The audio of "Somebody Like Me," courtesy of "tenda berry" and YouTube, it's followed by excerpts from an appreciation of Patchwork written by John Dowler for Raven Records' 2007 CD release containing both this album and Gentry's previous album Fancy (1970).
. . . Baby, sorry it's only meDon't want nobody stayin' up late at nightwaitin' on me, waitin' on me, waitin' on me.
Can't seem to settle down,maybe I'll just hang around.But every time you pick me upI guess I take you down.
But though I wonder why you want me,somehow I just know if you stopped lovin' meI'd crawl on off and die.
What's somebody like youlovin' somebody like me for, baby?What's somebody like youlovin' somebody like me for, child?
Better go find somebody to love you;Better go find somebody to love . . .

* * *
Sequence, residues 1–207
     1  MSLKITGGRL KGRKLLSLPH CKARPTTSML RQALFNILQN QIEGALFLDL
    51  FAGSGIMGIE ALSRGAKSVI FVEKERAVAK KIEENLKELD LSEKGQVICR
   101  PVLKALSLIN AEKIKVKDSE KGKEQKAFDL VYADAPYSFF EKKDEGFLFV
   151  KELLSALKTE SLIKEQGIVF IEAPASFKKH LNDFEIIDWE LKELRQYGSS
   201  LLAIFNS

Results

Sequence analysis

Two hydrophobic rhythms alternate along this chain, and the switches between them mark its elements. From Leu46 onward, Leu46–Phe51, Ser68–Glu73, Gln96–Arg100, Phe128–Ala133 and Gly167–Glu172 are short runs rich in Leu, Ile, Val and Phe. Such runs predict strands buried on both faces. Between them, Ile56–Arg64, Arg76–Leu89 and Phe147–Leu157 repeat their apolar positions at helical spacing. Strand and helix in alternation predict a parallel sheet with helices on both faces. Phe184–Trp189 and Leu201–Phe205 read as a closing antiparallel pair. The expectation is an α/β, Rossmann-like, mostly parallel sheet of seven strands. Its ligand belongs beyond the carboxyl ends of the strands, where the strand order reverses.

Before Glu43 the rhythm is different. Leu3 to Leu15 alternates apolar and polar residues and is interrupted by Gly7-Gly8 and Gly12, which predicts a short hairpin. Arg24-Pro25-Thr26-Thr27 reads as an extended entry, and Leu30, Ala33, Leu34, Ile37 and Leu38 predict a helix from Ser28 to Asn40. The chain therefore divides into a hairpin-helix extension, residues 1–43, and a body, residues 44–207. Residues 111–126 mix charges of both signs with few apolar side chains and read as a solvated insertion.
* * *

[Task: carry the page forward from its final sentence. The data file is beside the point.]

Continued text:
After a couple of years treading water creatively, during which she released two albums containing only three original compositions between them, Bobbie Gentry determined to up the ante with the release of Patchwork in 1971. Completely self-composed and self-produced, the album was a song cycle with the component tracks linked by a series of orchestral interludes, enabling it to be viewed and listened to as a seamless whole.
In much the same way as author Ray Bradbury used the tattooed body of a man as a device to shape a disparate collection of stories into a unified work in The Illustrated Man, Gentry utilised the panels of fabric in a patchwork skirt to provide the unifying principle for a diverse collection of songs. It was a creative conceit that would facilitate the production of what is undoubtedly her most sustained artistic statement. . . . [The track] "Somebody Like Me," a Motown-flavoured slice of rhythm and blues, neatly showcases Gentry's easy facility with the genre . . .
– John Dowler
Recommended Off-site Links:
Whatever Happened to Bobbie Gentry? – Miranda Sawyer (The Observer, May 19, 2012).
Ode to Bobbie Gentry – Kurt Wolff (CBS New York, July 27, 2012).
Bobbie Gentry: Rediscovering the Girl from Chickasaw County – Jeremy Roberts (Examiner, July 27, 2012).